Buffalo bone china and moon toddlers

Dear President Trump,

I would wish you a Happy Independence Day, but it would be absurd to do so under the circumstances. We are anything but independent with you, our POTUS (and who knows how many GOP Congress people, Governors, State Legislators, etc.), having been installed with a hefty assist by an adversarial foreign government that continues to pull your strings to make sure we get as close to imploding as they/you can manage. It just occurred to me that maybe we’re in a C-grade zombie apocalypse movie with an incredibly sadistic director running the show, which sadly is more plausible than the idea that we are an independent democracy led by freely and fairly elected officials.

So, I told you the other day that there were a couple of installations at the Hearts of Our People exhibit in Minneapolis that I wanted to tell you about and today’s the day. In addition to not wanting to get temporally too far away from the experience of seeing these works of art, they are somber reminders on this 4th of July that nation-state building is a violent, messed up enterprise. Both Dana Claxton’s Buffalo Bone China installation and Hulleah Tsinhnahjinnie’s two Portraits Against Amnesia photo-collages are squarely focused on the atrocities visited on Native Peoples by white people. They both recall how white people systematically stole not only the lands the Native People had occupied for centuries, but sought to crush their spirits and cultures (though they failed on the latter count).

In 1997 Claxton asked people to bring her odds and ends of buffalo bone china, which she then ceremonially smashed with a mallet. The resulting shards form the heart of Buffalo Bone China. The installation consists of a small, darkened room with a circular pile of smashed china plates, saucers, cups, teapots, bowls (and probably some sugar and cream sets) in the center with a buffalo-focused movie projected on the wall behind it. The pile is spotlighted and surrounded by a velvet theater rope suspended on eight stands, signifying that what is contained therein is sacred.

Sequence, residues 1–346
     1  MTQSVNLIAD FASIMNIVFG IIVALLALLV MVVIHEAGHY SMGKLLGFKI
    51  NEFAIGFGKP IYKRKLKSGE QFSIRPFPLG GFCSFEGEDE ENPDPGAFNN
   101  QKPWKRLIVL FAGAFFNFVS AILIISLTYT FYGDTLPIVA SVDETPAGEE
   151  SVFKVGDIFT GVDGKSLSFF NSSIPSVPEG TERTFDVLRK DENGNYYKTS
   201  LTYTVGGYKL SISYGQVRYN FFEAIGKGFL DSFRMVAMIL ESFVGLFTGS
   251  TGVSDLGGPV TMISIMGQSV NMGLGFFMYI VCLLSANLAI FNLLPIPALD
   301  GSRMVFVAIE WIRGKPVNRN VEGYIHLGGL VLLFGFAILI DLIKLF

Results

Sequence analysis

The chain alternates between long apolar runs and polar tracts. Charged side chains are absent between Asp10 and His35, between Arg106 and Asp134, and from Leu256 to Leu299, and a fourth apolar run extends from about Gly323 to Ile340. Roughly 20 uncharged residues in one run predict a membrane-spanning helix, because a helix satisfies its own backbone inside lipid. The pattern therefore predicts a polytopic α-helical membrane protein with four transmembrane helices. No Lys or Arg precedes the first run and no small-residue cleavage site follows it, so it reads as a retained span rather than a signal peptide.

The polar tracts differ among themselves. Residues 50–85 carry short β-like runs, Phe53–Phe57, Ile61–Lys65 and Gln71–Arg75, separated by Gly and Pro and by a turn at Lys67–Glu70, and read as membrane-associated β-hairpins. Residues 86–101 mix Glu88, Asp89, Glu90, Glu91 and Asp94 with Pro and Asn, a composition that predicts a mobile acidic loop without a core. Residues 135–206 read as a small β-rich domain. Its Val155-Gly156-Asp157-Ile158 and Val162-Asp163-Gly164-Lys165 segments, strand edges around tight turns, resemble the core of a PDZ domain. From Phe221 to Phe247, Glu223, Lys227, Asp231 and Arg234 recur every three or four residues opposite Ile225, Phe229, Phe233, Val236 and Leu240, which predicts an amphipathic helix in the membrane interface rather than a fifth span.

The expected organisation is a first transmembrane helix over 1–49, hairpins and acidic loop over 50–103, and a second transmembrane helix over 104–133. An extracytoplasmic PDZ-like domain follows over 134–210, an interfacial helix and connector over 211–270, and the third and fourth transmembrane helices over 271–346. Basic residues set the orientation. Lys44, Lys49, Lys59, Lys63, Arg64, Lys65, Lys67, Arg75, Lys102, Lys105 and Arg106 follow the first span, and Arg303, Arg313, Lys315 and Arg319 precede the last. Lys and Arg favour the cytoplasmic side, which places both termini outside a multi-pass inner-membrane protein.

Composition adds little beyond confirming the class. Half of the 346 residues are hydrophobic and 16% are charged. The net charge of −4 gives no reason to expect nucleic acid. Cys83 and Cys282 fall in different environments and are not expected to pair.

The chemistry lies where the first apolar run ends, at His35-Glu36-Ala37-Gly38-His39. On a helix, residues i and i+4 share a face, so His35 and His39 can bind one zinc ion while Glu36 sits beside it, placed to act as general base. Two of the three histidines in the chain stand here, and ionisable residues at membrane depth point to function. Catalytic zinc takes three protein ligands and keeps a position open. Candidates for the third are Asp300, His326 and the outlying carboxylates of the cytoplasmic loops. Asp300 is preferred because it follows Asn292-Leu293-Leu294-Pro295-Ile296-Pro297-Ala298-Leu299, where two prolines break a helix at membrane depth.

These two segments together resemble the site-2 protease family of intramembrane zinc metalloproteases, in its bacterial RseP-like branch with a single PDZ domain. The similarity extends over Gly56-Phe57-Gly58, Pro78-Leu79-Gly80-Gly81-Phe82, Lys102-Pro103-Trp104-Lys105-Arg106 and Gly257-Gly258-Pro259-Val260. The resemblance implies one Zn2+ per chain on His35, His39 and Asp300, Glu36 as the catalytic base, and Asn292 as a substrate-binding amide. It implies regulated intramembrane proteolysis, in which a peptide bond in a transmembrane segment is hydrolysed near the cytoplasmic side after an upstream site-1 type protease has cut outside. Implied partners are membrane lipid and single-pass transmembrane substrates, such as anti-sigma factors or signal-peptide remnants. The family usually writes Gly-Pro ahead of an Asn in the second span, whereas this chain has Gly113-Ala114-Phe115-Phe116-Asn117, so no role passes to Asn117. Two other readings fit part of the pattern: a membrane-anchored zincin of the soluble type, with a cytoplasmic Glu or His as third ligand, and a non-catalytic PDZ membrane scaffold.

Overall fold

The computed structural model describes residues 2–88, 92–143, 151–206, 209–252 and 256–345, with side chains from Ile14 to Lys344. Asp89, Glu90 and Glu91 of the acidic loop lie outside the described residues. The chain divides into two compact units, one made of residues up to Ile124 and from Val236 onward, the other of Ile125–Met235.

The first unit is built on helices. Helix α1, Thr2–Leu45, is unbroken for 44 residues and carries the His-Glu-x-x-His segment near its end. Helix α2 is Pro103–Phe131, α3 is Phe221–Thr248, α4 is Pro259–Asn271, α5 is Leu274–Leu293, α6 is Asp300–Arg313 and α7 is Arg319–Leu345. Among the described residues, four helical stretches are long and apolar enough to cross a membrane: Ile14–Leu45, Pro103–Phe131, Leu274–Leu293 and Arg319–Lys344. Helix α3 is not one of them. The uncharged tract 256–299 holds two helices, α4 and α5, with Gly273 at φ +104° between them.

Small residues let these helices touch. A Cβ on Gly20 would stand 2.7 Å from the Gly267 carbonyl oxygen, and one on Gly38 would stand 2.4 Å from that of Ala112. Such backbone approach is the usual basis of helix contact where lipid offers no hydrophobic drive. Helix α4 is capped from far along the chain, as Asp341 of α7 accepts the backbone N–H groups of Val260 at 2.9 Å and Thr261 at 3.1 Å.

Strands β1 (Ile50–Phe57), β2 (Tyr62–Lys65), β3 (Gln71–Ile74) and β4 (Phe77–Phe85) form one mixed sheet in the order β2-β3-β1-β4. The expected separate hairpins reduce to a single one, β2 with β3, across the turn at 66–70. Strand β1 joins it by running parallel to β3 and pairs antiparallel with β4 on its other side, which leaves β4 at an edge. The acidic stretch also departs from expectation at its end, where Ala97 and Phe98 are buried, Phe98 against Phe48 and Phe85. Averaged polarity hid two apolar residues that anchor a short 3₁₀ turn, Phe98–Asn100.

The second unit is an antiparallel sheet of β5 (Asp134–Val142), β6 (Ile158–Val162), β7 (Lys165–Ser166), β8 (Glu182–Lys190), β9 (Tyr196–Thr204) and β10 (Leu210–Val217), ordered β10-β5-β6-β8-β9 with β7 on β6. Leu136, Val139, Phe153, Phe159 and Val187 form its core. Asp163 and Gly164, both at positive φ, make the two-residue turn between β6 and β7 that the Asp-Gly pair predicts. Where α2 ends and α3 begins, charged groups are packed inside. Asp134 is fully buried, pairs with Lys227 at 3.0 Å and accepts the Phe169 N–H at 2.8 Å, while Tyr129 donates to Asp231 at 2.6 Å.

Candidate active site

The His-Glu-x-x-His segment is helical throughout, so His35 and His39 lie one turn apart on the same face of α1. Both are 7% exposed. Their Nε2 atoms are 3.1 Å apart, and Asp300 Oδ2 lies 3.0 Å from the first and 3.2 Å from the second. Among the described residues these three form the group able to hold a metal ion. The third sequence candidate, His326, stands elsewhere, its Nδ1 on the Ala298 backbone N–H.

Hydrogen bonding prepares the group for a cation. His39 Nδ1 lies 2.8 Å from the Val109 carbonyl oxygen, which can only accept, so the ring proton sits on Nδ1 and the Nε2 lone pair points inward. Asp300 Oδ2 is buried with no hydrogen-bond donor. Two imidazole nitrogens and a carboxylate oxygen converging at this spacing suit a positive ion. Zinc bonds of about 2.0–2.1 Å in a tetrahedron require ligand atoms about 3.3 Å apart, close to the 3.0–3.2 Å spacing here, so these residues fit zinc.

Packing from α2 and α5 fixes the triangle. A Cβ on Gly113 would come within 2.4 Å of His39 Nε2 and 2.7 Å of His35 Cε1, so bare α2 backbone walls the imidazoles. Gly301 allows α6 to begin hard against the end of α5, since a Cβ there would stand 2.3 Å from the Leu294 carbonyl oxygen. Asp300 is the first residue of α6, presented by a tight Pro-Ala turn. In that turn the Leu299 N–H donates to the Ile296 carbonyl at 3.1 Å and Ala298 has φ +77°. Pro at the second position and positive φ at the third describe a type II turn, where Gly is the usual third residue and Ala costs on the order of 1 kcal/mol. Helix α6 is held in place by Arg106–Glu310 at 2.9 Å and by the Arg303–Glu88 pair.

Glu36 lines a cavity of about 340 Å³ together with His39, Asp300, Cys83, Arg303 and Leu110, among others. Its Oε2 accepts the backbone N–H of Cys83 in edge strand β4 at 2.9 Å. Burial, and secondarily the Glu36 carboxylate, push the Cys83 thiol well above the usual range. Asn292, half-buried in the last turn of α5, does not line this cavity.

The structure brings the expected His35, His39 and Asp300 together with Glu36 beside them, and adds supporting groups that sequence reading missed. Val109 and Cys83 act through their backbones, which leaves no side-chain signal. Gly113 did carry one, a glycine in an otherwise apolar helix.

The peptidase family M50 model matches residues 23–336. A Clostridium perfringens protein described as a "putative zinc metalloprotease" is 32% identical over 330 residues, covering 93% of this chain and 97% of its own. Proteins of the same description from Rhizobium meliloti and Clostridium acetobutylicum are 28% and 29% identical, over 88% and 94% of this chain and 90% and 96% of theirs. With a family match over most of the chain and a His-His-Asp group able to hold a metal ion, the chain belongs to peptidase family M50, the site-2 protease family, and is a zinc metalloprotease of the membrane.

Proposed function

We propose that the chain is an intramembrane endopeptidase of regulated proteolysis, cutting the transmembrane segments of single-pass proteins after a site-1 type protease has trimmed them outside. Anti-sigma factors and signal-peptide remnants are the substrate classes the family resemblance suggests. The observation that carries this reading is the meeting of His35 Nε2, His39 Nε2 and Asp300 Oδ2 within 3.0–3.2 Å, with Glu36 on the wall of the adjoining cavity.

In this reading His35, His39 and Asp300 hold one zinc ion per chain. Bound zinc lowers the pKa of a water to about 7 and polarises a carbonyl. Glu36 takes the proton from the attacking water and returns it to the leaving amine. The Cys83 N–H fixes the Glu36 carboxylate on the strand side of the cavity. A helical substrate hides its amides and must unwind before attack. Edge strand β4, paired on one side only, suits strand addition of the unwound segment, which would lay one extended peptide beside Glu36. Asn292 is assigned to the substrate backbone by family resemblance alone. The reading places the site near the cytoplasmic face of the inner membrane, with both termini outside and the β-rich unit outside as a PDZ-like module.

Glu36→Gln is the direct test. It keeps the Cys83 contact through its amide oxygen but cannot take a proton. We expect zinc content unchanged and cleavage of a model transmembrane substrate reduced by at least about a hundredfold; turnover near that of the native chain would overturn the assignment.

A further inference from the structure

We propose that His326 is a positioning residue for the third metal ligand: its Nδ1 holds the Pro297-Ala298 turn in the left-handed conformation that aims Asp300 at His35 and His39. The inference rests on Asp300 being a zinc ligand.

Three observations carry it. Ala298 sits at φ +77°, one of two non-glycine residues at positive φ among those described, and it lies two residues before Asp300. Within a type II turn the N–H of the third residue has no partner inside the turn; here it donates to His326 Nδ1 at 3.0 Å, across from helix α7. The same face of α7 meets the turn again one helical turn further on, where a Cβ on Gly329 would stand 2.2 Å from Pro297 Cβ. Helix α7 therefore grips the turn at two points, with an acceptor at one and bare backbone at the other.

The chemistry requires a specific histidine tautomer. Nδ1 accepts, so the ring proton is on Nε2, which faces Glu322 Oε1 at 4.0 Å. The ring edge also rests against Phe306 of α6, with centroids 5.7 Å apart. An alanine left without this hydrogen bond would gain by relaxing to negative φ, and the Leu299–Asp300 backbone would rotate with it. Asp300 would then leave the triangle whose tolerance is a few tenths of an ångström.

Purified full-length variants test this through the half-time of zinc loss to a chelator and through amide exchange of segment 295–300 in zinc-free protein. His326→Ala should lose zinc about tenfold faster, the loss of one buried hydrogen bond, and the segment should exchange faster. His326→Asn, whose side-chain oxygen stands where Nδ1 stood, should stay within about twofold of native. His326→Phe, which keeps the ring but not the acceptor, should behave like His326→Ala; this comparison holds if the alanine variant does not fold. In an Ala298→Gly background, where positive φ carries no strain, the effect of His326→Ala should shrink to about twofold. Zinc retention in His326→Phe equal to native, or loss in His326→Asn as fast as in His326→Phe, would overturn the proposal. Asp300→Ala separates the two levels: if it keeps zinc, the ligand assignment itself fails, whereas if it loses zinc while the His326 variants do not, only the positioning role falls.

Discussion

Do you know the history of buffalo bone china? It’s not hard to surmise what was involved – essentially it is a byproduct of the wholesale slaughter of millions of buffalo on the Great Plains. At first the buffalo were killed to feed troops, then for sport, and finally to starve the Native People who relied on the herds for life. The bones were massed in huge mounds that dotted the Plains to dry before being shipped to England to make china. At some point in the 1860’s the Texas (!) Legislature proposed a bill to prevent the buffalo from being exterminated, but General Sheridan, the man charged with eradicating the “Indians,” opposed it, stating:

“These men have done more in the last two years, and will do more in the next year, to settle the vexed Indian question, than the entire regular army has done in the last forty years. They are destroying the Indians’ commissary.”

In 1878 Sheridan said this:

“We took away their country and their means of support, broke up their mode of living, their habits of life, introduced disease and decay among them, and it was for this and against this they made war. Could any one expect less? Then, why wonder at Indian difficulties?”

I certainly don’t want to give him credit for anything at all, but in this age of denial and dissembling, it is amazing to me that he was on record being so upfront both about what he and his forces did and, importantly, how understandable the Native People’s response was. Maybe he could be that way because virtually all the white people wanted the same outcome he did and there was no downside for him in being honest, but whatever the reason, we certainly are not seeing this level of candor out of any of you all.

Then there are Tsinhnahjinnie’s Portraits Against Amnesia. The two pieces included in the Hearts exhibit are not unlike the photo-shopped images of Ivanka pasted into contexts she doesn’t belong; in each one Tsinhnahjinnie put a single Native toddler dressed in Western clothing on the moon. One was a real photo of the moon and the other was a “Man in the Moon” photography studio prop. Both children look numb and seem to be wondering what the hell is going on, which makes sense given that they were almost certainly away from their families at indoctrination boarding schools designed to strip them of their Native identities and ties. They were literally in such foreign, inhospitable contexts that they might as well have been on the moon.

May we acknowledge the broken promises and the fundamental lack of safety visited on Native People.
May we all be willing to stop glossing over the atrocities upon which the US was founded.
May we also see the strength and resilience of People who have endured and thrived.
May we do the hard work of reckoning with our collective past so we can better live into our collective promise.

Sincerely,
Tracy Simpson

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